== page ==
Royal
Prince Harry and Meghan Markle (Image: AAP/Steve Christo)

The night after the night before. After getting solid figures in the United States and Australia, the Meghan Markle and Prince Harry interview rated its socks off on Monday night in the UK, attracting 11.3 million people to ITV (which reportedly paid about US$1 million).

The interview caused a soap opera of its own. It saw Piers Morgan, the highly opinionated co-host of ITV’s Good Morning Britain breakfast show, storm off the set on Monday after a co-host took exception to his remarks and criticism of Markle.

Morgan said he doubted Markle really was suicidal, a statement that drew a stern rebuttal from his co-host, a “talking to” by ITV management, an inquiry from Ofcom, the UK media regulator, and then Morgan’s dramatic departure from ITV after a weak attempt to clarify what he said.

For ITV the publicity was golden, as was Morgan’s storming off and eventual exit.

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And on Tuesday it revealed a US$215 million drop in 2020 earnings after a plunge in revenue in the UK and from its production arm globally last year. ITV is a reality program in its own right but is certainly no Love Island (one of its headline reality shows). More a case of I’m A Breakfast Show Host, I’m Out’a Here.

Locally, normal service was restored last night as Ten’s moment in the sun on Monday night quickly vanished as MAFS ate the audience again (with 1.23 million national viewers), helped by Nine’s cobbled-together special The Crown In Crisis — 818,000 nationally — which showed a nimbleness that wasn’t apparent at Seven, Ten or the ABC.

Nine’s night from Seven and Ten in total people. The ABC ducked past Ten in the main channels into third.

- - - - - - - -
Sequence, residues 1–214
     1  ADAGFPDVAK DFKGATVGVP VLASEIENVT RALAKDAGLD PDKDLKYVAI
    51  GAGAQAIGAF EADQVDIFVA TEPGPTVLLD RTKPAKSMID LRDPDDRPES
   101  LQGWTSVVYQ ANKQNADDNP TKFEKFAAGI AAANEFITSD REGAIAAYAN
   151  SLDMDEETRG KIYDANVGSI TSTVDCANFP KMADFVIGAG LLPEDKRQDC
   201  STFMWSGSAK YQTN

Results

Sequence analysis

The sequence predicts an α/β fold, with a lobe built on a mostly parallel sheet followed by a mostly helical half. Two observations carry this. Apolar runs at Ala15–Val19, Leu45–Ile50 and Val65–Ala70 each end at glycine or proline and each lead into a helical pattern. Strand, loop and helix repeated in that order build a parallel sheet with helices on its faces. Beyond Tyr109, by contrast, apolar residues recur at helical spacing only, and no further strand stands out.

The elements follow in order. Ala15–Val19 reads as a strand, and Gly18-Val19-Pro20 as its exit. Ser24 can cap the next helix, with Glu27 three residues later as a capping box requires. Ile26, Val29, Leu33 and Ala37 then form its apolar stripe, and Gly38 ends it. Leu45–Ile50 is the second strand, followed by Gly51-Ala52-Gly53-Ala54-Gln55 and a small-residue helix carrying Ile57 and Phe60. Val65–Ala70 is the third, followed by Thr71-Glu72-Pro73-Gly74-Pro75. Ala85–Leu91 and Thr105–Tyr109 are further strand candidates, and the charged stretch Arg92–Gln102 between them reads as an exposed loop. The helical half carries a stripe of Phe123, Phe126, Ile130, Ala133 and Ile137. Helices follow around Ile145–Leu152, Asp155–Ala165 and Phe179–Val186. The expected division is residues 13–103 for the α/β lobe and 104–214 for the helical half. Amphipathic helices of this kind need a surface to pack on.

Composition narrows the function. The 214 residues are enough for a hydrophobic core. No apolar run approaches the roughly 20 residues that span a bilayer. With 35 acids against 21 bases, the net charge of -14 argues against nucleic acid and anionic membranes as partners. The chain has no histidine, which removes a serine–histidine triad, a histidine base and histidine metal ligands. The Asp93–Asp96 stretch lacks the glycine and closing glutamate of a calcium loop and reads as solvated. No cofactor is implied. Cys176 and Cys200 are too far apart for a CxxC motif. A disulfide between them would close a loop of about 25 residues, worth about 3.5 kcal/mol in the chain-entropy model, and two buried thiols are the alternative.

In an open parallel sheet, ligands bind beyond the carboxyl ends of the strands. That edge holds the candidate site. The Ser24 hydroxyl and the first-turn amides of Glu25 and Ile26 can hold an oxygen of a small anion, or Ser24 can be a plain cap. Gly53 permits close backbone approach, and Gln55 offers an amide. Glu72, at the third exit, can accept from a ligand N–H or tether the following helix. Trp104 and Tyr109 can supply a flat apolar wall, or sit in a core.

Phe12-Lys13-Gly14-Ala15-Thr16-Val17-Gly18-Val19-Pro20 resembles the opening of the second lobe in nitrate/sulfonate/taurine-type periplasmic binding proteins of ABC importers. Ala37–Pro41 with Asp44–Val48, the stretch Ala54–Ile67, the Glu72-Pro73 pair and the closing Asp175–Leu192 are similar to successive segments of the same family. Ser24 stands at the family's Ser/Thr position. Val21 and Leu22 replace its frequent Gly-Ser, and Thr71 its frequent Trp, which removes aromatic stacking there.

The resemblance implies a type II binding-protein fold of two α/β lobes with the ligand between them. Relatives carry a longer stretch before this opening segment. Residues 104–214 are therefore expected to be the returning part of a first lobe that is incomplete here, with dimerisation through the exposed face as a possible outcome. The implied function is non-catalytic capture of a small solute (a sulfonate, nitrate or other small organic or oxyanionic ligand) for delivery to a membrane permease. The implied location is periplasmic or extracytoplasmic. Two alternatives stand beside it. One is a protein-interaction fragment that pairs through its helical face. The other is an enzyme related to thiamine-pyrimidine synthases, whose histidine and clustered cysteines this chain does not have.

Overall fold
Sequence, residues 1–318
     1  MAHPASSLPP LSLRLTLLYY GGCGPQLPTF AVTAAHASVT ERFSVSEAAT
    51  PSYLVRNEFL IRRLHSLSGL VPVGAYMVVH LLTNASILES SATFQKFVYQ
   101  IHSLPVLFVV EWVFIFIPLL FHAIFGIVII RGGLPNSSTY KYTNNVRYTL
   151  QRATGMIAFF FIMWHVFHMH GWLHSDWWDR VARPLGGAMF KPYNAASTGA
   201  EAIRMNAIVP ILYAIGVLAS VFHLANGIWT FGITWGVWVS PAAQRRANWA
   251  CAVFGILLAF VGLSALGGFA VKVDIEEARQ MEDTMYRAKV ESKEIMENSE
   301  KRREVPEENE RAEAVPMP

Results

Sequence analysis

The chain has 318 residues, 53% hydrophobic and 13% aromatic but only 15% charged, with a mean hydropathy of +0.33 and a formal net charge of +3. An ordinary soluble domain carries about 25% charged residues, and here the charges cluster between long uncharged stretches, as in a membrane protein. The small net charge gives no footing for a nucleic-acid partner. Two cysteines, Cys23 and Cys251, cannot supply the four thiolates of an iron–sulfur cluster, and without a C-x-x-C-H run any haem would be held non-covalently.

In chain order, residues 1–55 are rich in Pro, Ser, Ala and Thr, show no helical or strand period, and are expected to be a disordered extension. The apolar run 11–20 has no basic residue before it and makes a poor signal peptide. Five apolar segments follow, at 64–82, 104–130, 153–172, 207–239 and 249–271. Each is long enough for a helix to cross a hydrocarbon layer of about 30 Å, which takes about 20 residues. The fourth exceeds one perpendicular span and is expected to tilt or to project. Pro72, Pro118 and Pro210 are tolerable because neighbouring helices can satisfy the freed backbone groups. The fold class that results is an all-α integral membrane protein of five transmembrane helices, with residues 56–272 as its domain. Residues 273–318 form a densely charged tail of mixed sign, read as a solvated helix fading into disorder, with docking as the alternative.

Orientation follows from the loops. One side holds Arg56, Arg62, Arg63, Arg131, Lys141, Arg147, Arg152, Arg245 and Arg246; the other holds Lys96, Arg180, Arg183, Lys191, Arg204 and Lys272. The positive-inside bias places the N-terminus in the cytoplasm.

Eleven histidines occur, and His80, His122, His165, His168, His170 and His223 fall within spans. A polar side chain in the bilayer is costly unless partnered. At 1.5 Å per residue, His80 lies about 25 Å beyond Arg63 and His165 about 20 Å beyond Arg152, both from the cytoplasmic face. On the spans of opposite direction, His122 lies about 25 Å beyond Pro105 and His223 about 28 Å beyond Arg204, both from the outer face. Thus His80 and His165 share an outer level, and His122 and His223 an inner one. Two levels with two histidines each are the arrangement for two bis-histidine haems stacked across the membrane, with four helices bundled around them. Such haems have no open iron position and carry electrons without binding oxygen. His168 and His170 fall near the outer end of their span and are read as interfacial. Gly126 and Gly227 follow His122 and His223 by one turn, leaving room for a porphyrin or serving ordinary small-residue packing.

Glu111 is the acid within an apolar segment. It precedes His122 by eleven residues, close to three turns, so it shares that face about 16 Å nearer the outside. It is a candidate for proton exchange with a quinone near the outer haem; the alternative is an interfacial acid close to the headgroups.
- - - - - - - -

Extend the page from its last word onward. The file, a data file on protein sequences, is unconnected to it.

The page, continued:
Today had another weak morning in breakfast — sub-300,000 national audience and sub-200,000 in the metros (ABC’s News Breakfast was also weak). Allison Langdon returned this week from her sick leave. Nine will want to see a rebound. On Foxtel the Kylie Moore-Gilbert interview was watched by 83,000 on Sky News — about what Andrew Bolt gets when he is at full rant and rave.

Breakfast: Sunrise, 396,000 nationally and 255,000 metro; Today, 282,000 and 178,000; News Breakfast, 255,000 and 165,000.

Regional top five: Seven News, 557,000; Seven News 6.30, 528,000; Harry and Meghan interview, 417,000; 7pm ABC News, 348,000; Home and Away, 337,000.

Network channel share:

  1. Nine (33.6%)
  2. Seven (23.1%)
  3. Ten (19.1)
  4. ABC (17.0%)
  5. SBS (7.2%)


Network main channels:

  1. Nine (25.9%)
  2. Seven (14.9%)
  3. ABC (12.6%)
  4. Ten (11.3)
  5. SBS ONE (4.9%)


Top 5 digital channels:

  1. 10 Bold (3.7%)
  2. 7TWO (3.6%)
  3. 10 Peach (3.3%)
  4. 7mate (3.1%)
  5. GO (2.4%)


Top 10 national programs:

  1. Seven News — 1.496 million
  2. Seven News 6.30 — 1.468 million
  3. MAFS (Nine) — 1.232 million
  4. Nine/NBN News 6.30 — 1.162 million
  5. Nine News — 1.153 million
  6. A Current Affair (Nine) — 1.008 million
  7. 7pm ABC News — 998,000
  8. Home and Away (Seven) — 868,000
  9. 7.30 (ABC) — 833,000
  10. The Crown In Crisis (Nine) — 818,000


Top metro programs:
none with a million or more viewers.
Losers:
Seven, Ten.


Metro news and current affairs:

  1. Seven News —952,000
  2. Seven News 6.30 — 924,000
  3. Nine/NBN News 6.30 — 945,000
  4. Nine News — 907,000
  5. ACA (Nine) — 757,000
  6. 7pm ABC News — 682,000
  7. The Crown In Crisis (Nine) — 632,000
  8. 7.30 (ABC) — 575,000
  9. Foreign Correspondent (ABC) — 526,000
  10. The Project (Ten) — 551,000


Morning (National) TV:

  1. Sunrise (Seven) — 433,000/254,000
  2. Today (Nine) — 286,000/193,000
  3. News Breakfast (ABC) —278,000/176,000
  4. The Morning Show (Seven) — 217,000
  5. Today Extra (Nine) — 154,000
  6. Studio 10 (Ten) — 58,000


Top five pay TV programs:

  1. Escape From Iran (Sky News) — 83,000
  2. Paul Murray Live (Sky News) — 67,000
  3. Alan Jones (Sky News) — 63,000
  4. Credlin (Sky News) — 59,000
  5. Paul Murray (Sky News) — 47,000